Chicken Rice is a Singaporean staple – we all love it and have gotten used to it being one of our national dishes! While there are many places in Singapore that sell the best chicken rice, I won’t claim this to be the best. I know all too well the affinity Singaporeans have with their favourite food! Chicken rice here is pretty well known, and the place can get crowded in the evenings. However, there is nothing that’ll stop fanatics from sinking their teeth into the juicy soy-sauce chicken, spicy chilli and perfectly cooked rice. There’s a Thai restaurant just next door, should you want to get a Thai milk tea or dessert.
Lobster Nasi Lemak (Lawa Bintang)
Newly opened in February 2017, the lobster Nasi Lemak craze swept Singapore by storm. The ques here can be quite long and stuffy, as it’s not a restaurant per say. However, the size of the sinful lobster is enough to make anyone want to wait patiently in queue for the Nasi Lemak. Kak Sare (the mastermind behind this next-level Nasi Lemak) uses Basmati Rice for its health properties. The lobster, while accompanied by a single plate of rice, is enough for 2. Thinking of gathering your family this Christmas season and having some food and chatter over awesome local food? Look no further – sharing a plate of this nasi lemak can spawn great bonds (or spectacular arguments!).
Pondok Jawa Timur
Its Indonesian food like never before at this restaurant in Wilkie Edge, a mall popular for Kaplan students (who don’t go to this restaurant as often, so it’s pretty empty). Some of the must tries on the menu include their Tau-Telor, a deep fried eggy structure with bits of tofu trapped inside. They also have a kick-ass sambal on the table, which goes great with the Tau-Telor. And of course, they have their very own Ayam Penyet and YES you can request for breast meat! Try their avocado shake (with gula-Melaka) while you’re at it (you can jog it off next year).
Make room for Mil0-Dinosaur at Al Azhar! This is a popular late-night haunt for many Singaporeans, as they have more than a couple of outlets all across the country. You can try their prata, or even Maggi Goreng along with their classic (and sometimes strange) concoctions of overly sweet and calorie-loaded drinks. I make it a point to try something new everytime I am here. Aside from the classic Asian menu, they also have an extensive selection of western food, for those who are feeling a little tired of the bold flavours in Asian food. This place can get quite full quickly, so you’ll have to wait for a table – though I’m sure I won’t have to tell you that!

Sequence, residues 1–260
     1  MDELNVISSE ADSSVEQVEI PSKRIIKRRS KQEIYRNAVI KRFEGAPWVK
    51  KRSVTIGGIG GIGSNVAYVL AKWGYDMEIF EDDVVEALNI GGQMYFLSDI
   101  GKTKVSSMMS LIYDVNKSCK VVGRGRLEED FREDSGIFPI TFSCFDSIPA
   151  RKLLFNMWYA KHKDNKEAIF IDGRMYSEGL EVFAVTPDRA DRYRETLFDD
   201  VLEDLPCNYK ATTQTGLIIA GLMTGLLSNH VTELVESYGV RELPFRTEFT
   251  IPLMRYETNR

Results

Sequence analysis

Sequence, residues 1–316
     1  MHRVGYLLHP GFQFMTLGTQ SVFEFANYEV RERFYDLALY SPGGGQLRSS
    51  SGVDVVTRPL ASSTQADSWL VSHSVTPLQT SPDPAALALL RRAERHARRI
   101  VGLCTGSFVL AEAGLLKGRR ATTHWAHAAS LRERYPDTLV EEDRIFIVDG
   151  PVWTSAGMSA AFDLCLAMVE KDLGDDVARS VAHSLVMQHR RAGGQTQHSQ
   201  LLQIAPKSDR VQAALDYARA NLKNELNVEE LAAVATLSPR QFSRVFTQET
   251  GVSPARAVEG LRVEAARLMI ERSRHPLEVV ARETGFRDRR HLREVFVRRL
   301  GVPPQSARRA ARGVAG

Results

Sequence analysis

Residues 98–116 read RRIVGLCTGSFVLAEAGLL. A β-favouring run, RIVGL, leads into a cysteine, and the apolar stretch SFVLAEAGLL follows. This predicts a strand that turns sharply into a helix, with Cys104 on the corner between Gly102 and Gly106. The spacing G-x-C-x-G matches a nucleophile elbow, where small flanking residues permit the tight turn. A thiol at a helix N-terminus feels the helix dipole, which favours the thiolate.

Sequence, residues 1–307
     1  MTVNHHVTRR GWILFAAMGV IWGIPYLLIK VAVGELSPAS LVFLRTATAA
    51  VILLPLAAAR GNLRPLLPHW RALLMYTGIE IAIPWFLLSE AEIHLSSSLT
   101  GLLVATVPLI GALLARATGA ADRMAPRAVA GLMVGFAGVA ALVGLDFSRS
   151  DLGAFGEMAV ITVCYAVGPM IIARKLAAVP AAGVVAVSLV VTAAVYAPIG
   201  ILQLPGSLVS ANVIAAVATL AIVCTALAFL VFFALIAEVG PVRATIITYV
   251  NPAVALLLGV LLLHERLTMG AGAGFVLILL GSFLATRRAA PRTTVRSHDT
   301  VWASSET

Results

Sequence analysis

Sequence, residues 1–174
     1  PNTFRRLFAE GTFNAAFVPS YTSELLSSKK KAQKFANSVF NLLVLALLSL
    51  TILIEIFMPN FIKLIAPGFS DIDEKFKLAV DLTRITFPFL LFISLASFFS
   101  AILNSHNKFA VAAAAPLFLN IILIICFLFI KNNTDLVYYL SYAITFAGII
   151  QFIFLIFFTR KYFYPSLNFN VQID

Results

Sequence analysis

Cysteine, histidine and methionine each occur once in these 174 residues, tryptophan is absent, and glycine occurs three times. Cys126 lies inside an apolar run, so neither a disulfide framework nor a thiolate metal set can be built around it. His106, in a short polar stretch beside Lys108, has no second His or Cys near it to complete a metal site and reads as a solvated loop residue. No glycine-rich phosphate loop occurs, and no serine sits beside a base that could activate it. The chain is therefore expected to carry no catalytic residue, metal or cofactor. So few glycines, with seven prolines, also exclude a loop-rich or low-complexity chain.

Aaaaahh affordable French Food! Saybons started as a tiny kiosk in Plaza Singapura 10 years ago. Today, there a number of outlets all over the country, each serving a wide array of delicious French or French-inspired food at reasonable prices. Latest on the menu is their selection of 10 different soups served in shot glasses. These soups are a mixture of new creations and classics served at Saybons over their 10 years of existence, created by the founder. Also, try their crepes and escargot. This place is in town, though, so you’ll have to brace yourself for the crowds this time of the year!
Don’t let the contemporary name fool you! Urban Bites serves some of the best Lebanese Falafel and Hummus I’ve ever tasted! This middle-eastern restaurant has been around for 10 years, serving up authentic Lebanese food and drinks to their loyal customers at Telok Ayer. I highly recommend the sharing platter, which has Falafel, Warak Enab rolls, Lamb Kibbehs, and hummus along with other dips. They also make a delicious bulgar wheat salad and have a mean Cheese Manouche (cheesy bread) for weekend brunch.
I found this place by accident one day when in Jurong East and desperately seeking burgers. This place does the best Korean fusion burger, with a layer if kimchi sandwiched between the meats. They also have an extensive collection of condiments to go with the burgers, sweet potato or truffle fries. The portions here can be pretty big, so order cautiously. Conveniently located beneath the Jurong East MRT station, Burger Monster is pretty easy to get to! Just pray there isn’t a train breakdown, though. They also have their ultimate burger, which is a burger about the size of a newborn baby. Great for sharing and welcoming the New Year in a goofy way!